Good Soil Hearers of the Word

Jean-François_Millet_-_The_Sower_-_Walters

The good soil represents those who hear and understand and accept the preaching of God’s Word (Matt.13:23; Mark 4:20). They have an open, receptive heart toward the Word of God. Furthermore, they seek not only to understand what it means, but also to strive to obey it, to put it into practice in their life. They are not just hearers of the Word but doers (James 1:22). As a result, the Word continually produces results in their life. They experience true, lasting change as a result of the sermons they listen to.

The presence of fruit is the only thing that sets the good soil apart from the other three soils in this parable. Every true Christian will consistently bear spiritual fruit in their lives (Matt.7:16; Gal.5:22-23). …There is no such thing as a fruitless Christian. Granted, not all Christians are as fruitful as others. The issue is not the amount of fruit in a person’s life, but the presence of it. Jesus said, ‘My Father is glorified by this, that you bear much fruit, and so prove to be My disciples’ (John 15:8 [NASB]). Does this describe your heart? Do you have a soft, receptive heart that produces the fruit of a true believer?

And then, after examining Jesus’ other teaching as recorded in Luke 8 – the entire context of the parable of the sower – the author ends with this:

In other words, the ultimate evidence that proves you are a Christian is that you hear and obey God’s Word. This entire portion of Luke was designed to emphasize the importance Jesus placed on listening to the Word (vv.8,18,21). Good soil yields the fruit of obedience from the Word of God. That fruitful life is a light that shines for all around to see, and it is the only real demonstration that you are spiritually identified with Jesus.

What kind of soil does the Word find when it falls on you? What kind of heart do you have for the Word of God?

Taken from Expository Listening: A Handbook for Hearing and Doing God’s Word by Ken Ramey (Kress Biblical Resources, 2010), Chapter 2 – “Hearing with Your Heart” (pp.31-33). We are currently taking time to read and draw on some of the author’s good thoughts concerning our calling to listen believingly to God’s Word proclaimed.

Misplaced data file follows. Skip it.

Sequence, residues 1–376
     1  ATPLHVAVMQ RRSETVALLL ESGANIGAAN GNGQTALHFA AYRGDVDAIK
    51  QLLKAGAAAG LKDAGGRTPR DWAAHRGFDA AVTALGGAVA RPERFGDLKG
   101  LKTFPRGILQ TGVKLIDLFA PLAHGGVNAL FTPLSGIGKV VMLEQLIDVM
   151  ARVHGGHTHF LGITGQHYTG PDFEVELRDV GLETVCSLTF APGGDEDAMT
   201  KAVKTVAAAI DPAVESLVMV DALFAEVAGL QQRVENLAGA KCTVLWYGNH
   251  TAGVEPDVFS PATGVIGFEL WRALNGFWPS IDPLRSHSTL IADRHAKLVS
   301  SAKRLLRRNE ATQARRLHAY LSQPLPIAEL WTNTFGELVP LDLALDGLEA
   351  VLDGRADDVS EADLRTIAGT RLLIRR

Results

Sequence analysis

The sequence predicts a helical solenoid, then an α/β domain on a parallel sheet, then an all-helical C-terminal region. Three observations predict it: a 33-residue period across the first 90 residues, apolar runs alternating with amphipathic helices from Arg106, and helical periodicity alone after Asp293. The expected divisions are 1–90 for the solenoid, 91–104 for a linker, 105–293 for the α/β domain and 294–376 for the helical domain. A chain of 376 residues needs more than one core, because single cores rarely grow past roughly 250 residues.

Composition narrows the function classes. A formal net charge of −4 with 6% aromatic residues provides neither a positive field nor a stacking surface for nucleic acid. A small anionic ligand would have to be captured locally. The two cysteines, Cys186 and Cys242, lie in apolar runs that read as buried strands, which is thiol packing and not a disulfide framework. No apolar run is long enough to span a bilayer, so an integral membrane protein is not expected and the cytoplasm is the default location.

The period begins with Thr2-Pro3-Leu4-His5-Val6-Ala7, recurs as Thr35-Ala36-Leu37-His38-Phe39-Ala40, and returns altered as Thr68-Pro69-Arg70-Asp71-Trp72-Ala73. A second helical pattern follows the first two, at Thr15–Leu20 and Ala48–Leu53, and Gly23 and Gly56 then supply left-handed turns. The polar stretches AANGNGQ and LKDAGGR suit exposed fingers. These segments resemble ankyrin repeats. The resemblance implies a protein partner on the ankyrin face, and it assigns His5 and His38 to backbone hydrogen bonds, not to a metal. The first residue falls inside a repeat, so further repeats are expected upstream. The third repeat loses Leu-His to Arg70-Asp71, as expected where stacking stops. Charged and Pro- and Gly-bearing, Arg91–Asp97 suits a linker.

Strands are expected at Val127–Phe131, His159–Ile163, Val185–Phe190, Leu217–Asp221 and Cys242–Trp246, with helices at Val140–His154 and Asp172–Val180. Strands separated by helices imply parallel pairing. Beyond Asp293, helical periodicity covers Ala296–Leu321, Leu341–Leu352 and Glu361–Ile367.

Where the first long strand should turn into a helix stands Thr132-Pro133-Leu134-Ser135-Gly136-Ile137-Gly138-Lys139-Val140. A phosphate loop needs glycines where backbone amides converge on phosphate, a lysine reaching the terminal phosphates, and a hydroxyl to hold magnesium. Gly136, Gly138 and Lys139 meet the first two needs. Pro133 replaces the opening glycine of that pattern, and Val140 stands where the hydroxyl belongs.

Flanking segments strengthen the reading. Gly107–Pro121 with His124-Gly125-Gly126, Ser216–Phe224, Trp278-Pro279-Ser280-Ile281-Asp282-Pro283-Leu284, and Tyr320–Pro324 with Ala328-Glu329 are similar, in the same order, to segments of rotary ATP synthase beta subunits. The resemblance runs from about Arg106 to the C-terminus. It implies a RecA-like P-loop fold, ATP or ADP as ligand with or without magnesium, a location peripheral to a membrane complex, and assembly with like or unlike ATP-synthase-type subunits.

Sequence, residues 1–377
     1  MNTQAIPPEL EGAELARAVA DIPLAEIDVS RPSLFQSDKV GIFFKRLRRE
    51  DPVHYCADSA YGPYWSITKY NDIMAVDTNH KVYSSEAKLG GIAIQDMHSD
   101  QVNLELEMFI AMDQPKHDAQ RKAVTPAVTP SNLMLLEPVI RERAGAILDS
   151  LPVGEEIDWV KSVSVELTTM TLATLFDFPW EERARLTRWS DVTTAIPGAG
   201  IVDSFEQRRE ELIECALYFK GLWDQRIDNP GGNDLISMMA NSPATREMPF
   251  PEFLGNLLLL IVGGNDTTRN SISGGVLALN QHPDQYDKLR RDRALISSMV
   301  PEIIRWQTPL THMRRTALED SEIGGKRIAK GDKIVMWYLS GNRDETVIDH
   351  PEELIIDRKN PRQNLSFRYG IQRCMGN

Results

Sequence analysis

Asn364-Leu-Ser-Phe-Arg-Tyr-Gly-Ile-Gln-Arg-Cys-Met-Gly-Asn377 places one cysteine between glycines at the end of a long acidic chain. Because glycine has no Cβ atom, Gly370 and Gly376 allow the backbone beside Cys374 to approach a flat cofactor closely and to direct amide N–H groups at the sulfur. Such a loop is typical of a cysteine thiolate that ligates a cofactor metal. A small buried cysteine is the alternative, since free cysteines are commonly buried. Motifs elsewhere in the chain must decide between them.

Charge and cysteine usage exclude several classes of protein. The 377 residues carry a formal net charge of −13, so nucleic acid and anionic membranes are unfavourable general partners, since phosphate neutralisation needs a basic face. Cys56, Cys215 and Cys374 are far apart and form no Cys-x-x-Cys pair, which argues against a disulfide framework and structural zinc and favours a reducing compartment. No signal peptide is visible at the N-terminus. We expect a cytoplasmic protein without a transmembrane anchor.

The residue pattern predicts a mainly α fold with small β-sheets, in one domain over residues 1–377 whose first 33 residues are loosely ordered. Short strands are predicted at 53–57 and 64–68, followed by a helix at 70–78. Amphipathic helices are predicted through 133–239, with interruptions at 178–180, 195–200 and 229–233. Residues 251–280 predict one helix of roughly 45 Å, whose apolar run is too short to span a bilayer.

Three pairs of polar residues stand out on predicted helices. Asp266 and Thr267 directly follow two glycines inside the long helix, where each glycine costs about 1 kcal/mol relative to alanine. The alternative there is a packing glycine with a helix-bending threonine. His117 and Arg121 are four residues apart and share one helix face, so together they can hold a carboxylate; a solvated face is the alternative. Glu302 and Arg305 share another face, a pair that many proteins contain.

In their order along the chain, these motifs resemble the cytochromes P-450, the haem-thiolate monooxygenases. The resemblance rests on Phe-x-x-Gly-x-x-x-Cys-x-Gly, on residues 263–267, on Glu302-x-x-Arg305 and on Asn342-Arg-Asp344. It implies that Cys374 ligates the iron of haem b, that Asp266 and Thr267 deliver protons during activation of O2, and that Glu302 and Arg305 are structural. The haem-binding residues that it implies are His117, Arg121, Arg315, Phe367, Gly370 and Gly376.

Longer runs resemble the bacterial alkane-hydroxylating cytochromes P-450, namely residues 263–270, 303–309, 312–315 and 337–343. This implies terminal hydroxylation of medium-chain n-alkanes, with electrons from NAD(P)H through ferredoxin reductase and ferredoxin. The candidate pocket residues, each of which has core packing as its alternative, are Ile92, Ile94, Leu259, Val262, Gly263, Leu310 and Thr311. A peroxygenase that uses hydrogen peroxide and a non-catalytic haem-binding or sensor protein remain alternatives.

How Can I Hear the Word Preached? Only Through the Holy Spirit!

The moment we are born again, it’s as if we are given a new set of hearing aids or a new pair of glasses that enable us to hear and see in God’s Word what we couldn’t before. From then on, not only are we able to comprehend what God has said, but the Holy Spirit who now indwells us also convicts us about what God’s Word says and convinces us of it, as well as conforming our lives to it. That’s why whenever we are exposed to the Word of God, we need to remember to ask the Spirit to illumine our minds and hearts so that we understand what it means and how it applies. Who better to ask to help us accurately interpret and practically implement the Word than the one who inspired it in the first place?

So we can’t hear and obey the Word of God without the regenerating and illuminating of the Holy Spirit. Remarkably, we don’t receive the Holy Spirit unless we receive Jesus Christ, and we can’t receive Jesus Christ unless we receive the Word of God, and we won’t receive the Word of God unless the Holy Spirit opens up our ears to hear.

…So while it’s true that our ability to hear the word of Christ is the link between the revelation of God and the salvation of your soul, it’s equally true that we are completely dependent on God’s sovereignty for the outcome. Sometimes God sends forth His Word for the purpose of hardening and damning people rather than softening , saving, and sanctifying them (Isa.55:10-11; 2 Cor.2:15-17). That’s why we must urgently cry out to Him to open our ears so we can hear and heed His Word (Isa.50:4-5), particularly in light of the fact that our very life and eternal destiny hinge on it. [pp.20-21]

expository-listening-ramey-2010Taken from Expository Listening: A Handbook for Hearing and Doing God’s Word by Ken Ramey (Kress Biblical Resources, 2010), Chapter 1 – “Biblical Audiology: A Theology of Listening.”